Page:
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Montevideo, September 30th 2022 - 02:31 UTC

 

 

Argentine central bank “ready” to counter surprises ahead of this year's presidential election

Saturday, February 2nd 2019 - 08:59 UTC
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Economic volatility is common during election years in Argentina, which has one of the highest inflation rates in the world at nearly 50% last year. Economic volatility is common during election years in Argentina, which has one of the highest inflation rates in the world at nearly 50% last year.
Macri’s leadership, which has managed to calm markets after a tumultuous 2018, is pinning hopes on an economic revival this year to propel election hopes Macri’s leadership, which has managed to calm markets after a tumultuous 2018, is pinning hopes on an economic revival this year to propel election hopes

Argentina’s central bank has sufficient dollar firepower to deal with a spike in demand for the greenback if uncertainty over the country’s upcoming presidential election prompts another run on the peso, bank sources said on Friday.

Investors have returned this year to pesos as the currency has stabilized after losing half its value against the dollar last year. However, there are fears this could reverse rapidly if business-friendly President Mauricio Macri fails to win a second term in October’s general election.

Economic volatility is common during election years in Argentina, which has one of the highest inflation rates in the world at nearly 50% last year.

The stakes for the country are high. Macri’s leadership, which has managed to calm markets after a tumultuous 2018, is pinning hopes on an economic revival this year to propel election hopes against the leftwing opposition. Investors fears that if the country swings back to a Peronist president, this could lead to Macri’s moves to open up the market being reversed and businesses once again looking to shift their money out of the country.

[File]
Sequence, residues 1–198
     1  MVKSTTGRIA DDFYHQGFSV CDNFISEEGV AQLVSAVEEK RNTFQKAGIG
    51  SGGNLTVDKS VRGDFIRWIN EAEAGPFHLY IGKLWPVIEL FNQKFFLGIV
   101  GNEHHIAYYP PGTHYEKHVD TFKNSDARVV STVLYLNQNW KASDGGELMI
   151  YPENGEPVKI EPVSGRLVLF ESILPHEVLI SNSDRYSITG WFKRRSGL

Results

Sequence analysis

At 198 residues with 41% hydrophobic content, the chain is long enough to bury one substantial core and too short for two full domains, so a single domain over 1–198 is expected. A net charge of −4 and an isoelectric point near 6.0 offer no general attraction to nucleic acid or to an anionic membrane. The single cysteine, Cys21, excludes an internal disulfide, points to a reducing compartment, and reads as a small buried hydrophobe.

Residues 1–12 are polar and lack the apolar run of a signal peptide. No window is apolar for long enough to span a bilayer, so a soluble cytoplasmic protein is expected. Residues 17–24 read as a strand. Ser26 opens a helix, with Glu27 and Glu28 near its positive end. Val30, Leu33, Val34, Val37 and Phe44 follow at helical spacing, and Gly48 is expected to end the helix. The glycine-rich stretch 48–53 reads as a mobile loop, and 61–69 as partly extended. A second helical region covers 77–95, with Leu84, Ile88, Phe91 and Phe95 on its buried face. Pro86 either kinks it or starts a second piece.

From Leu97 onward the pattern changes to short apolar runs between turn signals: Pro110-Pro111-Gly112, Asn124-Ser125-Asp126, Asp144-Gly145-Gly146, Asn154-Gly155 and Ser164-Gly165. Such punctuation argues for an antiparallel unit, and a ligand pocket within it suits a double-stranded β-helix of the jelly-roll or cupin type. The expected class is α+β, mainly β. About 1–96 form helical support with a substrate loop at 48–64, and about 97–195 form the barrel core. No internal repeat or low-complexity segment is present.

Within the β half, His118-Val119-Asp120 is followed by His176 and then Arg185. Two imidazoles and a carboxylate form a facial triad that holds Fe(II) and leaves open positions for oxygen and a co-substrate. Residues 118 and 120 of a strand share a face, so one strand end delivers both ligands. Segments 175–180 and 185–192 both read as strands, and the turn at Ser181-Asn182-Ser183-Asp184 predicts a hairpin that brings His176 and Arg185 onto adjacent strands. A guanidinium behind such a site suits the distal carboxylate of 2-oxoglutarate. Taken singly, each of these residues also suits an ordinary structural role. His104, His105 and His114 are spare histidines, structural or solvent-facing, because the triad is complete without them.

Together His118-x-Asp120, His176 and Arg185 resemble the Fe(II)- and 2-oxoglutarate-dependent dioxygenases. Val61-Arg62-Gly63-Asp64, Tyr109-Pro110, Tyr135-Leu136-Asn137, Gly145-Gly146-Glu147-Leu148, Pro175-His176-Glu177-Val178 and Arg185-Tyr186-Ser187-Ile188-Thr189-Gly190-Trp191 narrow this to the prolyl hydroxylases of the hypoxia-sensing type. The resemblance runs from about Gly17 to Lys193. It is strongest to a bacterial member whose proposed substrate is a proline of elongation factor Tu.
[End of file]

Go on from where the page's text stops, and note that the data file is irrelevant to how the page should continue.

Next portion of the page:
The bank source said Argentina has about US$ 14 billion at the ready to respond to potential dollar demand, including around US$ 10 billion that the finance ministry could sell during the year to pay expenses in pesos, and more than US$ 3 billion the central bank has to operate in futures.

The central bank sources emphasized that the monetary authority did not anticipate coming up short if high dollar demand were to return. “What we have to look at are the stocks in pesos that could be converted to dollars. When one looks at those stocks, it’s a quite small amount”.

The higher demand for pesos since the end of 2018 strengthened the currency by almost 1% in January. The central bank has been making daily purchases of up to US$ 50 million when the peso slips beyond the limits of a non-intervention band set as part of Argentina’s US$ 56.3 billion deal with the International Monetary Fund. The central bank has intervened by purchasing about US$ 560 million so far this year.

Categories: Economy, Politics, Argentina.

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  • Enrique Massot

    The recipe to stabilize the peso and reduce inflation is based on drying up the place of cash in circulation. The strategy is applied through a “zero fiscal deficit,” a policy imposed by the IMF (which coincidentally excludes debt service payments) and its practical effects are increased recession in most sectors of the Argentine economy.

    This is how the Macri government has “managed to calm markets after a tumultuous 2018:” By submerging the country in a deep recession.

    As a result, a government incapable of showing any economic results appears to be looking for other ways to galvanize the citizens in anticipation of the October presidential election, such as encouraging a happy-trigger police, fanning the flames of xenophobia, or by -- again -- blaming the previous government for its own failures.

    The story above repeats a government oft-repeated theme stating that “there are fears this could reverse rapidly if business-friendly President Mauricio Macri fails to win a second term in October’s general election.”

    This is precisely part of the government's propaganda machine. Macri is anything but. Companies, small, medium-size and even large are closing down at alarming rates with the exception of those generating and delivering energy, toll highway companies, banks and financial institutions -- all fields where family members or associates are strategically placed.

    But most of those in the know expect Macri government to still have some cards in the sleeve.

    We'll see.

    Feb 03rd, 2019 - 06:03 am 0
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